Guest Author - Christa Mackey
Now a standard piece of the woman’s business world, nylons (or pantyhose, or tights) were at one time a new and revolutionary invention that twitterpated the United States. Gone were the days of silk, cotton, and wool stockings—the standards for nearly 400 years. In their stead were the days of a new material—nylon—and all the clear nail polish to go with it!
When I was a little girl, I dreamed for the day when I could be like my big sister and don nylons for school. After I wore my first pair, I realized very quickly, they were not really my thing. By the time I was a senior in high school, I was convinced that the person who invented nylons was a demon-possessed man from the days of medieval torture.
I was, in fact, only partially correct. The inventor was a man, but not from the medieval days of torture. In fact, nylon was only invented in the early part of the 20th century. Julian Hill along with Wallace Carothers discovered that if one “pulled a heated rod from a mixture of coal tar, water, and alcohol, a strong, sheer filament formed that was silk like in appearance.”1
That discovery in 1935, laid the foundations for more research and in 1939, DuPont introduced nylon at the World’s Fair in New York. On May 15, 1940, the first nylon stockings appeared in stores in New York. On the first day, 780,000 pair were sold. Why so many? Women’s liberation, of course. It was now socially acceptable for women to show their legs and the new, sheer fabric was the perfect stocking to go with the shorter skirts.
At that time, they were still stockings—not pantyhose. In other words, they started at the feet and went about 2/3 of the way up the leg and were held in place by a garter belt. Since nylon did not stretch, the stockings were crafted to fit the leg. They came in a plethora of sizes and two styles: “full fashioned,” the kind with the seam, and “seamless.” When the US entered World War II, all nylon production went toward the war effort and the stockings became difficult to obtain. Just what was the nylon needed for in the war? Not stockings, that’s for sure! The nylon went towards manufacturing parachutes, tires, and other commonly needed products.2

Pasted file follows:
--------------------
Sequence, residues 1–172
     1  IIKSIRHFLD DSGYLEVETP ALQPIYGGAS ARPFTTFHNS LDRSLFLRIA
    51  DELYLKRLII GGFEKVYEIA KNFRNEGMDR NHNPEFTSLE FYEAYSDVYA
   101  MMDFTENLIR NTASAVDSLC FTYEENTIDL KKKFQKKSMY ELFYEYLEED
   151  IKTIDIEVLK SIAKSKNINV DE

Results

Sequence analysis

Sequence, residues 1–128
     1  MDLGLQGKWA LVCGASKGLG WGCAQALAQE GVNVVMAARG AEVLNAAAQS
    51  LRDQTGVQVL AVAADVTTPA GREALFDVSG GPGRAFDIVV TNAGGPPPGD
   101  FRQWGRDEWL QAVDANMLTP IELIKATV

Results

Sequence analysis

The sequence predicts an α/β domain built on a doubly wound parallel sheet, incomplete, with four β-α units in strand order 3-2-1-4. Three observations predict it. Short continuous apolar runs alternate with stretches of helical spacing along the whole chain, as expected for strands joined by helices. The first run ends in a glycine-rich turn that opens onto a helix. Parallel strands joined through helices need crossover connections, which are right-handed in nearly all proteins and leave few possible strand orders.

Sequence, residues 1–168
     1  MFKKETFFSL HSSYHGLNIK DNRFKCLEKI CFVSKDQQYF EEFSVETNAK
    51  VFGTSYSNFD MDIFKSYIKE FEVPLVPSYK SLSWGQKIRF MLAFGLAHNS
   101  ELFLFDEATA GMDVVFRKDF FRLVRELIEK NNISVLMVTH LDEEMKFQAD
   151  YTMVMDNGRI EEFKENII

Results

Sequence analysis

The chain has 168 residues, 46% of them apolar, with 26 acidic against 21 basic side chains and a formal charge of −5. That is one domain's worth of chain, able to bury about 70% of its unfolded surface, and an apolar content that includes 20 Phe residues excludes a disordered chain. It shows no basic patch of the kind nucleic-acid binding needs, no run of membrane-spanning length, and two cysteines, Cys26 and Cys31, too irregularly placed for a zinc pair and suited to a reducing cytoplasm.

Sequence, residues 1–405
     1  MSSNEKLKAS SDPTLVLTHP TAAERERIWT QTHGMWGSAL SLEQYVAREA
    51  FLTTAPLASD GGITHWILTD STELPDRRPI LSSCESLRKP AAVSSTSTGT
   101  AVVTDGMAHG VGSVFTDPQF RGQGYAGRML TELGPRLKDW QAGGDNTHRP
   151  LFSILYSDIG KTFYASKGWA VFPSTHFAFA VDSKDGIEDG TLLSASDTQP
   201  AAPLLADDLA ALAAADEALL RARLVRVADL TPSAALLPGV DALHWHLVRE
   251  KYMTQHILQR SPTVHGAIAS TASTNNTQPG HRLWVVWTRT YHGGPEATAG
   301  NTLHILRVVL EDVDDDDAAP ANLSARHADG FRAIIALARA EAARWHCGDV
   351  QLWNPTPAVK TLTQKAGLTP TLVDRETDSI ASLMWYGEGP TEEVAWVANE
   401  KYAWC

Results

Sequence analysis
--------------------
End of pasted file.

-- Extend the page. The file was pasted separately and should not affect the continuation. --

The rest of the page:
Thankfully, in 1959, DuPont (who held the patent for nylon) invented another innovative material called Lycra©. By adding that material to nylon, they found they could stretch the stockings up to seven times their length without breaking. With the advent of the mini skirt in the 60’s, women needed something a bit more stylish than the stockings. Thus, the hosiery manufacturers developed tights or pantyhose. Eventually, they ceased manufacturing the hosiery flat (with the seam) and began manufacturing them as a tube.
Today, many women choose to go bare-legged. Even still, hosiery companies still continue to develop nylons for every body’s needs. There are control top, rear-enhancing, thigh-slimming, even moisturizing and massaging nylons available. I kid you not. The website My Tights offers a wide variety of hosiery to fit every need, whim, and fancy. So, the next time you reach for the clear nail polish to stop that run in your $4.49 pair of LeggsTM, remember the ladies of the ‘40’s and how they longed for something more comfortable. Then think of the ‘60’s when they actually received something more comfortable!